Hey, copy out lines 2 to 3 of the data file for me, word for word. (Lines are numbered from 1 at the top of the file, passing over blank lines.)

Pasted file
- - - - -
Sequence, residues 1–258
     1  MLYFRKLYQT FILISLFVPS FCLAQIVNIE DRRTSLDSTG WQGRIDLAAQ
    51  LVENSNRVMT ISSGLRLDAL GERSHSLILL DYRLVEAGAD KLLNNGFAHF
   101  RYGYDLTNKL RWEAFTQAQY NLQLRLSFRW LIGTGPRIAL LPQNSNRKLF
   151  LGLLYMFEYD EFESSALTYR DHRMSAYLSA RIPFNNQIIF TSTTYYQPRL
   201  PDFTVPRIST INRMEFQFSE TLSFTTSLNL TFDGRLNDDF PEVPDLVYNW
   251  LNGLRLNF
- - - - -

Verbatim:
     1  MLYFRKLYQT FILISLFVPS FCLAQIVNIE DRRTSLDSTG WQGRIDLAAQ
    51  LVENSNRVMT ISSGLRLDAL GERSHSLILL DYRLVEAGAD KLLNNGFAHF